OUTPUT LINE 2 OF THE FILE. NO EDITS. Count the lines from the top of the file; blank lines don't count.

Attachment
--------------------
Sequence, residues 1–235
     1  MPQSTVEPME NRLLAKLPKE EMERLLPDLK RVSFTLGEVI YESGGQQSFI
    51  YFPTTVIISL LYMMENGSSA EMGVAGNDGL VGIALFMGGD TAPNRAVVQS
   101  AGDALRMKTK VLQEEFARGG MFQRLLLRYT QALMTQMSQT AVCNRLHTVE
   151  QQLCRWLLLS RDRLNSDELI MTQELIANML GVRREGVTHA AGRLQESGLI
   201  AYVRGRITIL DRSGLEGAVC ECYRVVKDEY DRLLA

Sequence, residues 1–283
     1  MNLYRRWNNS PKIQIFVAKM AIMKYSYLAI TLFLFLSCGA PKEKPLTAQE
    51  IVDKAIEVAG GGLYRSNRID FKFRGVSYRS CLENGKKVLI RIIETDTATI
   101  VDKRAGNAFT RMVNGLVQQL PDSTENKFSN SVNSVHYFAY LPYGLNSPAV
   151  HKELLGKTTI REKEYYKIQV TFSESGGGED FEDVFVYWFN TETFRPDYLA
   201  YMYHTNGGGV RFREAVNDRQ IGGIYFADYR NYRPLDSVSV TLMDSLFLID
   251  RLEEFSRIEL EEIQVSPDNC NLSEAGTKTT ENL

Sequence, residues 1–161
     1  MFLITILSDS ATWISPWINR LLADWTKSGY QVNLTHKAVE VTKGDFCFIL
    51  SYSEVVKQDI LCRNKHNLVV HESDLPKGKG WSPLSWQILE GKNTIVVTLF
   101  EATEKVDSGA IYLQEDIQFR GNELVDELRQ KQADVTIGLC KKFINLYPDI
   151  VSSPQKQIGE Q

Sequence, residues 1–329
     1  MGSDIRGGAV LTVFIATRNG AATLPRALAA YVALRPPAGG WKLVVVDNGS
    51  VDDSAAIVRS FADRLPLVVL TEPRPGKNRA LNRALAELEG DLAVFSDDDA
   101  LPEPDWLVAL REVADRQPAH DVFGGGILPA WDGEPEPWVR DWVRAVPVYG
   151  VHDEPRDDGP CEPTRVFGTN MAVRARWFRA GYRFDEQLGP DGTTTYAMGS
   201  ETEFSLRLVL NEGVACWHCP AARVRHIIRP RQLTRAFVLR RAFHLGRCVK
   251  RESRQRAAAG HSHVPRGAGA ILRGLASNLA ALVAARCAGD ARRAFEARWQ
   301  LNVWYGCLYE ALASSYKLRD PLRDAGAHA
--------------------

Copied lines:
     1  MPQSTVEPME NRLLAKLPKE EMERLLPDLK RVSFTLGEVI YESGGQQSFI